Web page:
As for the week’s big release, that’d be The Magnetic Fields’ new one Distortion. It’s also streaming in its entirety at Spinner and there’s a feature piece on Stephin Merritt at the New York Times.

Stream: The Magnetic Fields / Distortion

For The Records points out that the skeletal schedule for this year’s Canadian Music Week is now up though there’s little there besides a list of presumably confirmed acts and venues (with showcase sponsors) but hardly any actual lineups around which to plan your evenings from March 6 through 8. One that does have some familiar names is the Indie Awards ceremony on the 8th, held this time at the Royal York rather than The Docks (thank goodness). The lineup there will feature The Cliks, The Lowest Of The Low, Tokyo Police Club and The New Pornographers. To anyone looking at the Low’s name in that list and thinking, “hey, you fuckers broke up – I was there” – namely, me – Steve Stanley clarifies by saying that this is an induction into the Canadian Indie Hall of Fame (really? We have one of those?) and that they will “show up, play a couple of songs and graciously and gratefully accept this honour”. Cruising the list of bands I see mostly the usual suspects that I’d expect to be playing though Mike’s singling out of Finns Pooma could be a good recommendation. I’ll investigate the acts more closely over the next few weeks, leading up to the fest, and report back on my findings as I do.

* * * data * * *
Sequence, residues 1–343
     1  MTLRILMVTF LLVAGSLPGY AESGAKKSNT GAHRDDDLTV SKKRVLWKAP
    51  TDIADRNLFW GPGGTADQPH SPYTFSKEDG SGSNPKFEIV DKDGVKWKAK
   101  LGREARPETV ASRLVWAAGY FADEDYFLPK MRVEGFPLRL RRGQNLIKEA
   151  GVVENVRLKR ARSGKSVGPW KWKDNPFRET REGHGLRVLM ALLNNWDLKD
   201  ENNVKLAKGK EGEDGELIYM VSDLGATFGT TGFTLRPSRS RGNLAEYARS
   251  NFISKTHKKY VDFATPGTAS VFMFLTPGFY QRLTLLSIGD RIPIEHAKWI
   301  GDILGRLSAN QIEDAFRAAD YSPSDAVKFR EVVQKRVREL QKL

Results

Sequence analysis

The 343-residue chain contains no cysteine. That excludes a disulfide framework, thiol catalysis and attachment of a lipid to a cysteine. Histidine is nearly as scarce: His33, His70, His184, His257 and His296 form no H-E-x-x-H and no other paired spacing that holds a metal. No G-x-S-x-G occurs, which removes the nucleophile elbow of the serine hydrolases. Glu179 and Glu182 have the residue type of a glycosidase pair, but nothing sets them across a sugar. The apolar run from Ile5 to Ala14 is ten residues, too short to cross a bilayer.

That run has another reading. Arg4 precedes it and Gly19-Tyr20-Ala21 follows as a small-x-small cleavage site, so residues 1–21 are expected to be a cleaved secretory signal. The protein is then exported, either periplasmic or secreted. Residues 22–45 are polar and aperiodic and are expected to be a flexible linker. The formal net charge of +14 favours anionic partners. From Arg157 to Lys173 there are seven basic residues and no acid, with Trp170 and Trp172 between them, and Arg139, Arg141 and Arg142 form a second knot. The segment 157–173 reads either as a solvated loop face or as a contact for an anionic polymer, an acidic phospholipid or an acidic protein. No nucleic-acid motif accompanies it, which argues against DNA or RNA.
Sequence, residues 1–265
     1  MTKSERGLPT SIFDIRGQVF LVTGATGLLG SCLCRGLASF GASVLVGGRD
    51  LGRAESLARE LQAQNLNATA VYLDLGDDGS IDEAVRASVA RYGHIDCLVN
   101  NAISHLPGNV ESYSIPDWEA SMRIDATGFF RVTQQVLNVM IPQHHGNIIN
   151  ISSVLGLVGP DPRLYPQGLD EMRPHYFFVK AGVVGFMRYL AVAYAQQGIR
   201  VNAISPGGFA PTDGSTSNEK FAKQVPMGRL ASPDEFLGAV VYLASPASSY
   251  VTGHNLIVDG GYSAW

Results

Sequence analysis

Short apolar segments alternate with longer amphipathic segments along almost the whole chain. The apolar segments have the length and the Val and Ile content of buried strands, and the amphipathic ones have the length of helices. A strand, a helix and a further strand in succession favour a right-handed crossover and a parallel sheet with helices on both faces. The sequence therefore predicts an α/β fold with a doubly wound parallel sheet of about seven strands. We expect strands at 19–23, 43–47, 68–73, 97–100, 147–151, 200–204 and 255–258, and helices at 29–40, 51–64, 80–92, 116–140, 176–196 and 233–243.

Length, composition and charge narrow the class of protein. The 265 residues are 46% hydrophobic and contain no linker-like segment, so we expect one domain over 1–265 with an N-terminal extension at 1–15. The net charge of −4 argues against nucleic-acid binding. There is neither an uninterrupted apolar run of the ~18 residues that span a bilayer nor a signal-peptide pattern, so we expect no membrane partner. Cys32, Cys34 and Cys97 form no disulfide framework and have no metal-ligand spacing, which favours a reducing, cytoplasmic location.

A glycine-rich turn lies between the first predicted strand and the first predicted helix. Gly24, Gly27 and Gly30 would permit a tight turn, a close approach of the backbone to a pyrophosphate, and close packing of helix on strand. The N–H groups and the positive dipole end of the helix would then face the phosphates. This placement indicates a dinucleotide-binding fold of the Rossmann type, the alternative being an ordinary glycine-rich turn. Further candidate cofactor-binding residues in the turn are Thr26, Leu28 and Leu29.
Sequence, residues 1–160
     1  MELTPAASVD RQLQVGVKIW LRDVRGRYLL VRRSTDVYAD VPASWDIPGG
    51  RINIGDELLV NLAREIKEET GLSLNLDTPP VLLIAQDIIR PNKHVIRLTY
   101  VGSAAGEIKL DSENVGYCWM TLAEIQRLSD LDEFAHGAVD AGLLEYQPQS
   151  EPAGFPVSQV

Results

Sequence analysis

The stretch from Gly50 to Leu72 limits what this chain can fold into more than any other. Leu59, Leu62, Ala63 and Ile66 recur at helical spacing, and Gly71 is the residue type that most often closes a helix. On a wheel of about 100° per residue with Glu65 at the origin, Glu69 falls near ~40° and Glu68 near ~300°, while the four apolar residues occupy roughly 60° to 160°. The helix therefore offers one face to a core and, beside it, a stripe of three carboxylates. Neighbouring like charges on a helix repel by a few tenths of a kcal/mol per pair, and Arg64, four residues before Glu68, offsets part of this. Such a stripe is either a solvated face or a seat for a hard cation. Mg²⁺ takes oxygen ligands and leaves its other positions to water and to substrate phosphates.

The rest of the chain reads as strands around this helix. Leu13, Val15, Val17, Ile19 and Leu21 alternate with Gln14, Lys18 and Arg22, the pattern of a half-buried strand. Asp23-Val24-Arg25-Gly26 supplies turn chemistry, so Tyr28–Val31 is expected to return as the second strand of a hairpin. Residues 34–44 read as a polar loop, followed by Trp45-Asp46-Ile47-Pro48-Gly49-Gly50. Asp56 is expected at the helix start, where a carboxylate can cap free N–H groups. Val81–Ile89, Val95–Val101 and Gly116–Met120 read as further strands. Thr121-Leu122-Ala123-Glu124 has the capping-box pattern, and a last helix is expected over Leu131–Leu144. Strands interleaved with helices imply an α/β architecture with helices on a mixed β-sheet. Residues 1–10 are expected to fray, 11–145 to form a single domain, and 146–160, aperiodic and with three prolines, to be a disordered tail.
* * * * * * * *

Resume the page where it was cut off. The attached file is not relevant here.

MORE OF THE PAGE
Spinner Interfaces with Earlimart.

Harp, Athens Exchange, Creative Loafing and Red & Black get lessons in freewheeling from Yo La Tengo’s Ira Kaplan.

PopMatters talks to Magnolia Electrician Jason Molina.

Sad news if you’re a Weakerthans fan – their February 1 in-store at Sonic Boom is off. If you want to see them, you’ll have to freeze your buns off at Nathan Phillips Square on the 2nd. Just think of it like the complete Winnipeg experience.

Good news if you’re a Metric fan – they’re shifting back into live performance mode with a gig at the Sound Academy (nee The Docks) on February 7. Tickets are on sale now for $20 plus vague facility charges.